Archive for the ‘Retro’ Category
“She was 5 feet tall. She was less than 100 lbs “soaking wet”. She spent her childhood in Oregon and Idaho yet was proud of her family’s Southern roots. She could hunt and fish and, if you deserved it, she could punch your lights out! She was Lee Morse, one of the most popular female recording artists during the Jazz Age 20’s and 30’s. And, she is worth remembering.” ~Ian House
Jimmie Rogers (1897-1933) is considered the Father of Country Music for his long-lasting music influences, worked the railroad until he contracted tuberculosis in 1925. While fighting off the disease and unable to perform physical labor, he returned to his original love, writing and performing, until he succumbed at the age of 35.
Here’s Jimmie Rogers in the Columbia Pictures short “The Singing Brakeman” from 1930.
That’s it for this edition of The Saturday Matinee. Have a great weekend, folks.
In space, no one can hear you whizz. Just sayin’.
“Pogo” was penned by a famous anti-communist conservative cartoonist and his missive was directed at the Southern Democrats who created the KKK and enforced segregation via Jim Crow Laws. Walt Kelly was often censored by the liberal media newspapers for posting strips like these, so he published his uncensored opinions in “The Pogo Poop Book” in 1966.
We need more people like Walt Kelly to fight the latest “Gibber of Goblins,” and these New Goblins don’t wear white hoods either…
There’s a bizarre history to that familiar song credited to The McCoys, and it traces to Dorothy Sloop of Steubenville Ohio who became a New Orleans singer and piano player with the stage name “Sloopy.” The song was originally recorded by The Vibrations in 1963, predating the McCoys’ version:
So how did a 60s soul group from LA decide to sing about a girl who moved to New Orleans?
“Sloopy” was Dorothy Sloop, a Bourbon Street piano player. Born Sept. 26, 1913, in Steubenville, she performed at a New Orleans nightspot under the stage name Sloopy.
‘Hang on Sloopy’ was written by Bert Russell Berns and Wes Farrell, two New York City songwriters. Berns also wrote The Isley Brothers and Beatles hit Twist and Shout. Farrell went on to become the musical brains behind the Partridge Family.
The song was originally recorded as My Girl Sloopy by the Los Angeles R&B vocal group the Vibrations. It debuted in April 1964 in the Top 40 of the Billboard pop chart, where it spent five weeks and reached No. 26.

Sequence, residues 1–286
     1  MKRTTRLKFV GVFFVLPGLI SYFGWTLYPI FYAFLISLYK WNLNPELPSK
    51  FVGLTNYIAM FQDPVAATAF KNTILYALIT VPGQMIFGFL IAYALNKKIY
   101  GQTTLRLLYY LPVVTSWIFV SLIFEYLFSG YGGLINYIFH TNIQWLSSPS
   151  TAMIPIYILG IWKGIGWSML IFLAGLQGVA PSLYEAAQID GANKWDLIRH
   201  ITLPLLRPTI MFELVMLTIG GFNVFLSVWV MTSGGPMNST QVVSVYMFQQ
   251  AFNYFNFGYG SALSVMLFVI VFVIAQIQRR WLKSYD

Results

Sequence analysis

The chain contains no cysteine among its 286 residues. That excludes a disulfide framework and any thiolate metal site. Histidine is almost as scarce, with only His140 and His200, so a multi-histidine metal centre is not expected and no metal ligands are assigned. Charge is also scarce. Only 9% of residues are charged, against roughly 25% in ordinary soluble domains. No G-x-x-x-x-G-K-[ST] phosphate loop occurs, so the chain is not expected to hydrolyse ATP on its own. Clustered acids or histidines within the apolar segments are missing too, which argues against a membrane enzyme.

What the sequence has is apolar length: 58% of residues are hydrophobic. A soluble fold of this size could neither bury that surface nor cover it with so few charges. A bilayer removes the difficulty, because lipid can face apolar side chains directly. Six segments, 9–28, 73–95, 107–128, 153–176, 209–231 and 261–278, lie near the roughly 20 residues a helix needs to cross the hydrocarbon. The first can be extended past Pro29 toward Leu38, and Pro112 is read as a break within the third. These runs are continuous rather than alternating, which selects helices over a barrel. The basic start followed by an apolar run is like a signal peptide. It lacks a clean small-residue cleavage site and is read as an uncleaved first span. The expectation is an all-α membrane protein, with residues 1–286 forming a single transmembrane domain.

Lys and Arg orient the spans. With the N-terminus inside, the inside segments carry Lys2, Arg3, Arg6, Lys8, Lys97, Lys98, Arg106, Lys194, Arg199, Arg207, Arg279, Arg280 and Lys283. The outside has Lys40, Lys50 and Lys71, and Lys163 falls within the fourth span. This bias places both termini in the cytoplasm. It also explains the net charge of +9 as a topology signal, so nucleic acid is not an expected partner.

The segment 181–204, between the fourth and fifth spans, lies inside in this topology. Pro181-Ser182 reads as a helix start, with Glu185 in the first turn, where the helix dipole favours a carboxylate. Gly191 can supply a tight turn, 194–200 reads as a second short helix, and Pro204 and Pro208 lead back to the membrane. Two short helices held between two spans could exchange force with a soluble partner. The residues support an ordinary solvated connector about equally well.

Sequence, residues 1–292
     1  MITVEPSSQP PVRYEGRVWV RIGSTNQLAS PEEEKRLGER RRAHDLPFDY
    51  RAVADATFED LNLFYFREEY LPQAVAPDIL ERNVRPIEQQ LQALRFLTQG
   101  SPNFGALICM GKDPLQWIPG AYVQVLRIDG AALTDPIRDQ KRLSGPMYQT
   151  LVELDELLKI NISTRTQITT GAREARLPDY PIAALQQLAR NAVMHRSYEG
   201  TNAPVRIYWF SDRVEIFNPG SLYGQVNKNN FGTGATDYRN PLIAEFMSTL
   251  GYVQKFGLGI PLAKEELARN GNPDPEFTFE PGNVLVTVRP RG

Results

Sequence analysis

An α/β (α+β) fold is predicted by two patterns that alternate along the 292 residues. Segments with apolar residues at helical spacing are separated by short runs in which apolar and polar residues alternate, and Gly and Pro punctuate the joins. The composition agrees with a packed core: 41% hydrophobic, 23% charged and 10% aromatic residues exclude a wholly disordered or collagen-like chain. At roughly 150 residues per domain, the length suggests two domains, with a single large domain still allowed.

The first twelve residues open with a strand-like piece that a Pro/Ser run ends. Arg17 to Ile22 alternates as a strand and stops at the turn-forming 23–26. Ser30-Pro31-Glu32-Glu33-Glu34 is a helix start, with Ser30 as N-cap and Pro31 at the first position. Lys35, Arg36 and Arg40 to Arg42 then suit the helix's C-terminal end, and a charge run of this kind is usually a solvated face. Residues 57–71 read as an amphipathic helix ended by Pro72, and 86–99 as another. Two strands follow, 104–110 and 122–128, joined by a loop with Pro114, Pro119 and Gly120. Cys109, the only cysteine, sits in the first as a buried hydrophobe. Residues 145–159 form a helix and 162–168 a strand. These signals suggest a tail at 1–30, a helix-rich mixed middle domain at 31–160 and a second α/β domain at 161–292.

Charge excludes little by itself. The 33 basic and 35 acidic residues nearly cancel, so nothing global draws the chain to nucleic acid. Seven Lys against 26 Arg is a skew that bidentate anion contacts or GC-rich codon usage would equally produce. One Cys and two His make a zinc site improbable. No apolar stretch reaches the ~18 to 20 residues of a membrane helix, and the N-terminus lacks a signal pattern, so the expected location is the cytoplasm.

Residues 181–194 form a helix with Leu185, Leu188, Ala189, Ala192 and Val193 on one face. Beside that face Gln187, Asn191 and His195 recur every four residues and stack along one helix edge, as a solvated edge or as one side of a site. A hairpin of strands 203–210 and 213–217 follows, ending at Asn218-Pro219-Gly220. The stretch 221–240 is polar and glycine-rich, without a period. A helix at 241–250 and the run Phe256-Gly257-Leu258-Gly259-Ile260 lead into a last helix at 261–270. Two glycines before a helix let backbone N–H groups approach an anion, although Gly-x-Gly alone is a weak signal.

A rock version, ‘Hang on Sloopy,’ was recorded by the McCoys, a Dayton garage band led by Celina native Rick Zehringer. Locally, the band was known as Rick and the Raiders, but it changed its name to avoid confusion with chart-toppers Paul Revere and the Raiders. Hang On Sloopy debuted in September 1965 in the Top 40 of the Billboard pop chart, where it spent 11 weeks and reached No. 1.
Rick Zehringer later changed his name to Rick Derringer and became one of the top rock guitarists and producers of the 1970s. He recorded with the Edgar Winter Group and scored a 1974 solo hit with Rock and Roll, Hootchie Koo. [More at this source]
“Dixie” Fasnacht operated a bar called Dixie’s Bar of Music on Bourbon Street in New Orleans. It was there that Dorothy’s acquaintance and co-writer of “Hang On Sloopy” Bert Berns-Russell found the inspiration for the song. During problems with the sound equipment and a crowd getting rowdy, he heard a regular call out to her “Hang on, Sloopy!” [Source]
I couldn’t find a recording of either Dottie Sloop or Yvonne “Dixie” Fasnacht, but there has to be a copy of the album in someone’s basement somewhere. One more piece of trivia: Ohio is the only State to have an Official State Rock Song.
The Best Damn Band In The Land adopted “Hang On Sloopy” as a signature song for the times when OSU was down a few points, and their a capella version is classic.
Have a great holiday weekend, folks.
Here’s Dave Brubeck‘s partially discordant cool jazz classic “Take Five” in 5/4 time (also known as quintuple time, i.e, five beats per measure, quarter note gets the beat: 1-2-3-1-2, 1-2-3-1-2, etc.). Here’s an interesting take:
Sachal Studios, Lahore, Pakistan, with sitar and that boingy drum thingy.
That should hold you for a tad. Have a great weekend folks, and we’ll be back in a jiffy.